[6-8] Evidence of a statement by the defendant, or attributable to him, is admissible in behalf of the plaintiff where it tends to establish the defendant's liability or prove his responsibility for the wrongful act complained of, Norling v. Carr, 211 F.2d 897; Susemiehl v. Red River Lumber Co., 306 Ill. App. 430, 28 N.E.2d 743. And a statement is admissible which tends to show that defendant considered himself liable for negligence, Adamsen v. Magnelia, 280 Ill. App. 418. As is said in Wigmore, "The opponent, whose utterance it is, may none the less proceed with his proof in denial of its correctness; it is merely an inconsistency which discredits, in a greater or less degree, his present claim and his other evidence." See also Supreme Court Rule 20, section 101.20, Civil Practice Act. Such admission is likewise subject to the explanation of the party who has made it. Haskel v. Siegmund, 28 Ill.2d 1, 170 N.E.2d 393.

Here no one contends the statements of Eldridge are a part of the res gestae, and as a result we see no necessity of labeling the exhibits as admissions or declarations; Eldridge did not sign the transcript, so that at the most it must be viewed as an oral statement. Assuming that the statement met the requirements of being against interest, of sufficient reliance and materiality and of sufficient definiteness and certainty, that it was inadmissible as against the defendant Augustine's, Inc., is well settled under the Illinois cases. In Fortney v. Hotel Rancroft, Inc., 5 Ill. App.2d 327, 125 N.E.2d 544, at 333, the court said:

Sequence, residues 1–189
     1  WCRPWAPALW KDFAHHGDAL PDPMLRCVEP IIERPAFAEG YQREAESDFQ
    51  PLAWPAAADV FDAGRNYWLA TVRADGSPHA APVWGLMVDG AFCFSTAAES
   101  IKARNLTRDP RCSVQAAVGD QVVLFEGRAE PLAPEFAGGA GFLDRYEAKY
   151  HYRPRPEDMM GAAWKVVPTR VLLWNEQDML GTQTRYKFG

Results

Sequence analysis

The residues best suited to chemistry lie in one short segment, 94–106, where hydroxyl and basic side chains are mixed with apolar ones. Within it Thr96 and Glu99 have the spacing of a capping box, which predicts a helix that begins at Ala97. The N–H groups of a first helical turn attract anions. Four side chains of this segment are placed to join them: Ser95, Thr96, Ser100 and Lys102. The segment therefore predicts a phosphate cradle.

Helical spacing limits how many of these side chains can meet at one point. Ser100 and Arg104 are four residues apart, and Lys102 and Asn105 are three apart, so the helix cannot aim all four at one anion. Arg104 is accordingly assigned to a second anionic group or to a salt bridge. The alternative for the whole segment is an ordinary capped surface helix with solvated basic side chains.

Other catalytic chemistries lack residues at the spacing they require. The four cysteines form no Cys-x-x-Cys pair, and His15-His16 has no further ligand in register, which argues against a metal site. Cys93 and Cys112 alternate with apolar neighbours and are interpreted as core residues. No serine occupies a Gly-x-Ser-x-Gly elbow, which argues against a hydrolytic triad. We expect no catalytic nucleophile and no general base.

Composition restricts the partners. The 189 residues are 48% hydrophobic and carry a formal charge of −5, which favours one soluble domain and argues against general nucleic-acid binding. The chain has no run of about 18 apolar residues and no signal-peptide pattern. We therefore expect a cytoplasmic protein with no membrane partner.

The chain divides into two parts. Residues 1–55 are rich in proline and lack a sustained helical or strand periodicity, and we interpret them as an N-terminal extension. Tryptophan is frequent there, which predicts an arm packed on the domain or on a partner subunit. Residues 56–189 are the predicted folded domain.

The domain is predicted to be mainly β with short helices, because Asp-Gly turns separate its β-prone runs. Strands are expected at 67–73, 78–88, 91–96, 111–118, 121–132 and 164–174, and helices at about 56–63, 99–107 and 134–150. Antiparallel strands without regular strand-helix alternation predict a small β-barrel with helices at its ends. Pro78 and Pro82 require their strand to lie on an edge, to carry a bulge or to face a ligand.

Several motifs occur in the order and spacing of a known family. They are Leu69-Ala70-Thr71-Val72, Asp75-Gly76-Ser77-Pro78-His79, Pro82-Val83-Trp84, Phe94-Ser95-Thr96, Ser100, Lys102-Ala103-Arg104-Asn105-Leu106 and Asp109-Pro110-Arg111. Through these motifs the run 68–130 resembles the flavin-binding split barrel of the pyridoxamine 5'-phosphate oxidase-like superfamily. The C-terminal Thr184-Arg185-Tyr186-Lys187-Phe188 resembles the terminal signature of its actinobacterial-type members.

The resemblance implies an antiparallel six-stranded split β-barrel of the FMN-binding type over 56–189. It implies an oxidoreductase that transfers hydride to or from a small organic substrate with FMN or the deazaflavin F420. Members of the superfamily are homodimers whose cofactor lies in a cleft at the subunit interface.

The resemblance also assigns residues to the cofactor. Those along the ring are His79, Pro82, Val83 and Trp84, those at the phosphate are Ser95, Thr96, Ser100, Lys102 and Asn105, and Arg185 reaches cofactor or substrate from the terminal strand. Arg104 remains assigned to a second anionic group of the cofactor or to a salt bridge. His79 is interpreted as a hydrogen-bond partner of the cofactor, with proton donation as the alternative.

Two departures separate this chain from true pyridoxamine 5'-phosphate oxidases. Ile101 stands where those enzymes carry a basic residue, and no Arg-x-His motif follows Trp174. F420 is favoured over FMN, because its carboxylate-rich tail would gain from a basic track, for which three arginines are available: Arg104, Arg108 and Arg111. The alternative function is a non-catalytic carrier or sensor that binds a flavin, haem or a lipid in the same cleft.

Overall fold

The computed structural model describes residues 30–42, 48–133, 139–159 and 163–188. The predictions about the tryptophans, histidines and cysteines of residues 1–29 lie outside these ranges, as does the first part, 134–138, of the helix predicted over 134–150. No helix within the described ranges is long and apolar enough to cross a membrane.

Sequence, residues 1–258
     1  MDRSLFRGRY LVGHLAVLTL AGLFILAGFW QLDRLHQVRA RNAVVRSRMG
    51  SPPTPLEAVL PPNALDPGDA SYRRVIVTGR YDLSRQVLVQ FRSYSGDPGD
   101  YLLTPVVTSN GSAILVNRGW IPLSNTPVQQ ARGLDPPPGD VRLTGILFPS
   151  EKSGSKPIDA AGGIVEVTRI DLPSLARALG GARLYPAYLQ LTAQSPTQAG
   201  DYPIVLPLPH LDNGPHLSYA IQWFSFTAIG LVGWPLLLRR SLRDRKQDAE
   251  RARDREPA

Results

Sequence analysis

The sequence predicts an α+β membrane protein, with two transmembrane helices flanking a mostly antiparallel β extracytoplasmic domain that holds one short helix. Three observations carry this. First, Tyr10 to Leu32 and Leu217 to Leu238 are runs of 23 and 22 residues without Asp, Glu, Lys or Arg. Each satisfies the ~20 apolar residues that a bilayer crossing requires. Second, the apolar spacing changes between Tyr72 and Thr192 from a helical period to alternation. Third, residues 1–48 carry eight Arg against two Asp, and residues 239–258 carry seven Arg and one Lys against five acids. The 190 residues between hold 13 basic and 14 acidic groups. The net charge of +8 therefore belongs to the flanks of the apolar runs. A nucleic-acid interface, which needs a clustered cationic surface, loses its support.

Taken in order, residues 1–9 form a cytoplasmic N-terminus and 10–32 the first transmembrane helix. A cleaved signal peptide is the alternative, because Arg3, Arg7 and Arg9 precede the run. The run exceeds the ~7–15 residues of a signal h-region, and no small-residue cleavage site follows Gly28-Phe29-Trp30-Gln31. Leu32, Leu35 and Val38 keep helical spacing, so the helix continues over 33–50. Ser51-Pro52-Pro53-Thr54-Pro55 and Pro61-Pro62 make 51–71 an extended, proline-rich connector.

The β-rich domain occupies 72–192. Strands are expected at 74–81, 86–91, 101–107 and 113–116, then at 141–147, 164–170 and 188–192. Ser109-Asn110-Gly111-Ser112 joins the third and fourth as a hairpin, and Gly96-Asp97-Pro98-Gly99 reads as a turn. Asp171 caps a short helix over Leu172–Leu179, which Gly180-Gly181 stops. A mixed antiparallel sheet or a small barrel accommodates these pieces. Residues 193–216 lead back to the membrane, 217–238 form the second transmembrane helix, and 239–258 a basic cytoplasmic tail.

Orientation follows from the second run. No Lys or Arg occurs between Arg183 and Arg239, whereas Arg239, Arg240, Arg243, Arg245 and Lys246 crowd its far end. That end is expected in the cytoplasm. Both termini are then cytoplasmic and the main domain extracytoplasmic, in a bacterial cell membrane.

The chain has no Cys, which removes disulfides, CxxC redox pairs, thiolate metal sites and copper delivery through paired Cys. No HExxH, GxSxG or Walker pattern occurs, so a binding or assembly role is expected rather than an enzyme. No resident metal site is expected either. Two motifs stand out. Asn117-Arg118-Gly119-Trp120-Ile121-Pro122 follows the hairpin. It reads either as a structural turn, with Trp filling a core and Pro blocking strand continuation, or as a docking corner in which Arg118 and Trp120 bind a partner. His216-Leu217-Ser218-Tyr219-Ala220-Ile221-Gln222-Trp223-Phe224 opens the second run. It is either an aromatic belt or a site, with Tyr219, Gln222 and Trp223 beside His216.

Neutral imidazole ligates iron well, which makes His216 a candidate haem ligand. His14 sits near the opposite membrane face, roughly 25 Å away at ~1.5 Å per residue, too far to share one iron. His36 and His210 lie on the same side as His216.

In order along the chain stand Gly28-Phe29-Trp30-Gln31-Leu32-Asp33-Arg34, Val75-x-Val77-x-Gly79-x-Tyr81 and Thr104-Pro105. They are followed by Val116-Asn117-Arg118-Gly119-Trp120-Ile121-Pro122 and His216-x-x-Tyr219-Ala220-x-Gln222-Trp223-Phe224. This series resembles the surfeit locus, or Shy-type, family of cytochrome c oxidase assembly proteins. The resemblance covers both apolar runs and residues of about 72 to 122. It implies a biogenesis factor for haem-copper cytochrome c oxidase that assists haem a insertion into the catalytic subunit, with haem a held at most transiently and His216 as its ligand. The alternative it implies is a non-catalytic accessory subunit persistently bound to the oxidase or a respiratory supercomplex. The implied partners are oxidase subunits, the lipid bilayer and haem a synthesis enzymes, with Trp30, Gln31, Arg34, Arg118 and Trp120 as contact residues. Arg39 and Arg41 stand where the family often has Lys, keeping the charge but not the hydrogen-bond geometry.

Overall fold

"It is the settled rule in Illinois that an admission by an agent or employee, after the transaction is completed, or the incident occurred, which cannot be considered a part of the res gestae, is incompetent."

Our Supreme Court in Baier v. Selke, 211 Ill. 512, 71 N.E. 1074, at 518, said:

"A declaration made concurrently with the acts and constituting a part of the res gestae is admissible in evidence, but where it is a mere narration in regard to a transaction already passed it does not bind the principal and cannot be proved."

Here the contents of the statement are the sole evidence offered by plaintiff as to the conduct of Eldridge at the time of the occurrence, with exception of the testimony of plaintiff which is incompetent as to Eldridge's estate by reason of section 2 of the Evidence Act, but competent as against the defendant Augustine's, Inc. Plaintiff is dependent on it for his prima facie case of negligence, as against Eldridge's estate, and has attempted to introduce the entire statement, or its modified version, into evidence, and has not attempted to avail himself of the opportunity of making proof of only such parts of the statement as he considers admissions of negligent conduct.